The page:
A contingent of at least 1,000 indigenous Wixárika (Huichol) people in the Western Sierra Madre are gearing up to take back their lands after a legal decision in a decade-long land dispute with neighboring ranchers who have held the land for more than a century.
Ranchers who have been in possession of the 10,000 hectares in question for generations say the seizure is unlawful and that they will not hand over the land — setting the scene for a showdown that observers fear may end in violence.
“This is the bridge where the war started,” said Mustafa as we crossed over the sparkling Miljacka River that divides the Bosnian city of Sarajevo.
I had walked over this bridge before, just to admire the view, but had not realised its significance: on the afternoon of 6 April 1992, this is where snipers mowed down two young women as they joined a peace march. Multi-ethnic strife disintegrated into full-blown war as Serbs laid siege to Sarajevo and began killing Muslims and Croats as they tried to carve out a Serb Republic.
It was just one more marker in a picturesque city engraved with such dark memories. And on this day, it was the starting point of my journey with a man, who like most Bosnians, has spent the two decades since the war reconstructing his peace.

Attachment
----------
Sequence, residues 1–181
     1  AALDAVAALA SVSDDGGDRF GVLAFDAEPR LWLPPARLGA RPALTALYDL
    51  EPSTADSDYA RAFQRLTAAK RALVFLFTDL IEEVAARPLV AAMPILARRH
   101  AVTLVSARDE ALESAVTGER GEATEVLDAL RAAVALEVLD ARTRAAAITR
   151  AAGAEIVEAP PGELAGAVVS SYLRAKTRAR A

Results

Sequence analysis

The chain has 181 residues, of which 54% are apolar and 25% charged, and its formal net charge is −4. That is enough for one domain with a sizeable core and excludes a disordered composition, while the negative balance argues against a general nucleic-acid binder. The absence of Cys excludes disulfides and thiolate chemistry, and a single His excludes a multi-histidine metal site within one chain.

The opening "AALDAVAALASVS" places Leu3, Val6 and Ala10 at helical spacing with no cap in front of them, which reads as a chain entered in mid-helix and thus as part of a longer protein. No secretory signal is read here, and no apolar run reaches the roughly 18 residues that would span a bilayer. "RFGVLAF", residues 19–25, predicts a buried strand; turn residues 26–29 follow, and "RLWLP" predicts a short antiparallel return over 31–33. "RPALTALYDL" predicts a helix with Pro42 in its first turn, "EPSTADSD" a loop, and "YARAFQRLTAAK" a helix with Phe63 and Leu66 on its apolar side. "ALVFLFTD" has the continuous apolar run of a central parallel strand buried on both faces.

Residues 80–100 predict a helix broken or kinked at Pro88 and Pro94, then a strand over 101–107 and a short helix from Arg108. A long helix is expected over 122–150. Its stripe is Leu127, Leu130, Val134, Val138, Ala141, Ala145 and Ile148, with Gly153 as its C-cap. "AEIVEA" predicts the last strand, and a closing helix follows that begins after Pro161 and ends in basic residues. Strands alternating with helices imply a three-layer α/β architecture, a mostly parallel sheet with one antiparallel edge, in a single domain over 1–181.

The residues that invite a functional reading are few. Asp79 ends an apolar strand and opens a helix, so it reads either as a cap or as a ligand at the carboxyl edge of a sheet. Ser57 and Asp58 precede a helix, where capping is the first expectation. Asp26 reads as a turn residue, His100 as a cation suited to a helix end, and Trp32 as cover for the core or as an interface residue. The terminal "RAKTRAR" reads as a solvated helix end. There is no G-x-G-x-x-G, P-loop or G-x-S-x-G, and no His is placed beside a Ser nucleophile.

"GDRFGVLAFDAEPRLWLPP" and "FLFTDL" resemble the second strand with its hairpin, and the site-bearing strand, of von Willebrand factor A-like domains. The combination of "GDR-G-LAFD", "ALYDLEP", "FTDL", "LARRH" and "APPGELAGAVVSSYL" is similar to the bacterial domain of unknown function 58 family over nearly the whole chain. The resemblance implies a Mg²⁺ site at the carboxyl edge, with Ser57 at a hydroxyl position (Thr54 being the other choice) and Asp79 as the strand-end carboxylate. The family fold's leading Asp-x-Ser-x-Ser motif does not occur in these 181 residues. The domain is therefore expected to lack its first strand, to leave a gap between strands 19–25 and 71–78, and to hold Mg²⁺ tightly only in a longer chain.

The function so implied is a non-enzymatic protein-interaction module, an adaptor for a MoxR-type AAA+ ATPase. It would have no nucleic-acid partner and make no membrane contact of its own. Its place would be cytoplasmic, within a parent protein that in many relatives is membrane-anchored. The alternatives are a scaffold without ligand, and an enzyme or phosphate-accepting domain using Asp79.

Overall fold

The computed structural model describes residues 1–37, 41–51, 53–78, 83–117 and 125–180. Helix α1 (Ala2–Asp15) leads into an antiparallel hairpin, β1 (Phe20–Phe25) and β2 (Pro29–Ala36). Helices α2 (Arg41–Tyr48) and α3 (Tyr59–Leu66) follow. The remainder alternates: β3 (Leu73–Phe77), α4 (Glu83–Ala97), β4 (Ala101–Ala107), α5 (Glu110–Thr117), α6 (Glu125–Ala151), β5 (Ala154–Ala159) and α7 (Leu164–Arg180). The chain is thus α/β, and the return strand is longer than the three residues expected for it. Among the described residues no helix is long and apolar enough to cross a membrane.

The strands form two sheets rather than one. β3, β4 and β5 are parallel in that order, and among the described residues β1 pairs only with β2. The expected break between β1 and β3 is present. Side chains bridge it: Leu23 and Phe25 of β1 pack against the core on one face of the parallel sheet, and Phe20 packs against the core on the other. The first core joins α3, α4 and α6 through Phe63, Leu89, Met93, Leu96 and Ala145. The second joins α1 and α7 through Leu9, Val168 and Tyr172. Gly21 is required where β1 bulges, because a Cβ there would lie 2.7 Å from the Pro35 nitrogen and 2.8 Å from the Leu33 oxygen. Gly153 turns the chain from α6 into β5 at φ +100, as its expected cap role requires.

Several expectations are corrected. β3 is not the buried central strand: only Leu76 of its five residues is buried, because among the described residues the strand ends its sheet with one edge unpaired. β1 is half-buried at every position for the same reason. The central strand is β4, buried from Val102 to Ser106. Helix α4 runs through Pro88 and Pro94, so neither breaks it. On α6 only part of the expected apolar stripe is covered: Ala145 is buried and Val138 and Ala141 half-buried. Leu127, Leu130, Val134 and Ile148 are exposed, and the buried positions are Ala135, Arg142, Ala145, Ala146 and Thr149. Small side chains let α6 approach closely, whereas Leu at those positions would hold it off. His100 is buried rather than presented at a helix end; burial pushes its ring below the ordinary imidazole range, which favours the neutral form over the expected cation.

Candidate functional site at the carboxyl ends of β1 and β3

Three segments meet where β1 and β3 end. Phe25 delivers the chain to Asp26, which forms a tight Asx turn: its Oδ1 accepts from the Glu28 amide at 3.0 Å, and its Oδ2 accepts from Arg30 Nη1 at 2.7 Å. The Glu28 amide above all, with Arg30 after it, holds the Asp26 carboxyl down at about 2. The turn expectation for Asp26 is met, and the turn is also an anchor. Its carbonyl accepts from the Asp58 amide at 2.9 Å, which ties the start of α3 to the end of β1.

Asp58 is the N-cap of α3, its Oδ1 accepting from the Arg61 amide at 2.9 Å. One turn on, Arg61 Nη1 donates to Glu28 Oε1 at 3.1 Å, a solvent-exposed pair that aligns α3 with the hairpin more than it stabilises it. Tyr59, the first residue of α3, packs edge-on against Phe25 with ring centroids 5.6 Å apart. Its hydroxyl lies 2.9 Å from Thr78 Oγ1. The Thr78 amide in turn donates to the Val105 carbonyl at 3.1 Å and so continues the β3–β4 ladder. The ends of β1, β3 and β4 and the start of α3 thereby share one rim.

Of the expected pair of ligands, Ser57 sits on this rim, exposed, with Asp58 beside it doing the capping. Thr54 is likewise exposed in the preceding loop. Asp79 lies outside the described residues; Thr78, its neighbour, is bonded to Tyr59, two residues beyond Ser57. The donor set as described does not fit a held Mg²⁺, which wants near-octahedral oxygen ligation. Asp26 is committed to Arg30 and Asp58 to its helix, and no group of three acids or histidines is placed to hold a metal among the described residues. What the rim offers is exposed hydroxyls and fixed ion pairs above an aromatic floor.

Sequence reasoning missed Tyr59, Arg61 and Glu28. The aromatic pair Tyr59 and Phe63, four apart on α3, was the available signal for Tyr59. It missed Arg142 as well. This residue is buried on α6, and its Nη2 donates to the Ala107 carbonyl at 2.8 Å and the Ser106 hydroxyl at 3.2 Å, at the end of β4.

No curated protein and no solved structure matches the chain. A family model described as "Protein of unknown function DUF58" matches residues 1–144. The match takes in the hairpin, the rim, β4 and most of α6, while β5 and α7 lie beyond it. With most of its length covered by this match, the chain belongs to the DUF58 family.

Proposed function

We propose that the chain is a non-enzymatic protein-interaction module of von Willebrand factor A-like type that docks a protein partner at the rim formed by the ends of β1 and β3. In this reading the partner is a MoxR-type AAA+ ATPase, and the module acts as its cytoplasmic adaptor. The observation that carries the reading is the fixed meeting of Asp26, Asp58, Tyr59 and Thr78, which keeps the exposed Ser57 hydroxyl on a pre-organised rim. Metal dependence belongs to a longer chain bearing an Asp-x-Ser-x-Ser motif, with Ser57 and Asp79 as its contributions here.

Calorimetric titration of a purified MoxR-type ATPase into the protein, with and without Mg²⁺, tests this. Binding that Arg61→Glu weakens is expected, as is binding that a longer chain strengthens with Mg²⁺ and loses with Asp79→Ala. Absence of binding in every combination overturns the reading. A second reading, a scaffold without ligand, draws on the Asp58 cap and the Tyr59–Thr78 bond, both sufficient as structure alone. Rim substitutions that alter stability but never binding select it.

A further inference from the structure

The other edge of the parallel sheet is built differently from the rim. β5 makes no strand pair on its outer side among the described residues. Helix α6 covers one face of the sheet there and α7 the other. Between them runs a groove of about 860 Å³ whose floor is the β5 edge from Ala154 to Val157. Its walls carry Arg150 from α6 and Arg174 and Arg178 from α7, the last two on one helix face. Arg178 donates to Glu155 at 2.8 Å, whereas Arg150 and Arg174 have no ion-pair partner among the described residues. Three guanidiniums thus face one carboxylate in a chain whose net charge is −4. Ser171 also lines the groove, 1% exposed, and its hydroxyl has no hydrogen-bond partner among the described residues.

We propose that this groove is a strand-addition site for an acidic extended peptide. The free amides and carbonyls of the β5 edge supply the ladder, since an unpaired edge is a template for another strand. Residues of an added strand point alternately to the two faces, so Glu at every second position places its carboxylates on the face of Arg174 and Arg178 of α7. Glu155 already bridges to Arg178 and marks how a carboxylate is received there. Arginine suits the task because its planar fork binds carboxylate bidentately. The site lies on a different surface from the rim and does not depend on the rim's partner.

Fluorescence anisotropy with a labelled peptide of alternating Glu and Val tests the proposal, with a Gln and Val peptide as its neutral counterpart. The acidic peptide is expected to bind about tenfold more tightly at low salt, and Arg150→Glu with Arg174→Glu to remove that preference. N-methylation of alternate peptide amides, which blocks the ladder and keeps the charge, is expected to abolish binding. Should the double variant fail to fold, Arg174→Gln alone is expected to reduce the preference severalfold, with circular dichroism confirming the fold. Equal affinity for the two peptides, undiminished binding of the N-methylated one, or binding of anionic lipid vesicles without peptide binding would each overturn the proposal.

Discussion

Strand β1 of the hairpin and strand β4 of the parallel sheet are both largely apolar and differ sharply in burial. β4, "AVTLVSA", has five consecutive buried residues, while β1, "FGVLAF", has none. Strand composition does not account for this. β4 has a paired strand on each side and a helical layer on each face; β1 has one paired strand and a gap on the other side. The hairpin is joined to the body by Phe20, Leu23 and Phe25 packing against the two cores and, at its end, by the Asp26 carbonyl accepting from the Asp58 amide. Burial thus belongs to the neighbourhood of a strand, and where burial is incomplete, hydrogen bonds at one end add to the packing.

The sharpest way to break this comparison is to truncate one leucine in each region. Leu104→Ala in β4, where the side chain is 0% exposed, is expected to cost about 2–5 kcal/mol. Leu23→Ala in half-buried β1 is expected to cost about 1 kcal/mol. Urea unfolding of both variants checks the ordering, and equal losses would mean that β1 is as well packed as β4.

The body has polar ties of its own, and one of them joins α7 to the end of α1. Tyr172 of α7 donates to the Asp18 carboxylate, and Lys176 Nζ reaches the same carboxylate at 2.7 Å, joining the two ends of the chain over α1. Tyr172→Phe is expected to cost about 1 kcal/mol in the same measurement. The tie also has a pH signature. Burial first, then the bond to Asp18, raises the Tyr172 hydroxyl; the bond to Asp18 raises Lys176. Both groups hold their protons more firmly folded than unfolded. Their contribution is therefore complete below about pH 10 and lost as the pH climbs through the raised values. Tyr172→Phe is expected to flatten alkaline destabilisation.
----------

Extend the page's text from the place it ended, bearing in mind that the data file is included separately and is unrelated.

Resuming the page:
Mustafa, my guide, was only 17 when the Bosnian War began, but he still defended his Sarajevo neighbourhood when Serbian forces began shelling his apartment building. A Bosniak, or Bosnian Muslim, he fought alongside the Catholic Croats and Orthodox Serbs of Sarajevo against Serbian nationalists who wanted to take over all these lands to create a Greater Serbia.
With his blue eyes, close-cropped hair and Balkan good looks, he could be his own action hero. He studied to be a dentist after the war, but the cost of setting up his practice was prohibitive. Instead, he became a tour guide who makes his living sharing the stories of war and the places of peace that his exquisite country has to offer.
During the war, American Tim Clancy and Dutchman Thierry Joubert got to know each other in working together in the refugee centers. The two of them were equally inspired by the stunning landscapes of Bosnia’s Dinaric Alps. On a trip to the highland village of Lukomir in 1998, three years after the war had ended, Joubert began to think about starting a tourism organization in the mountains and highland villages; Clancy, it turned out, had been thinking along the same lines.
“To put it into perspective, nobody looked at Bosnia in those days as a tourism destination at all,” recalls Joubert. “Most of the World Bank-type funders were looking at it as a site for heavy industry. But we were saying Bosnia has more in terms of tourism than people realize.”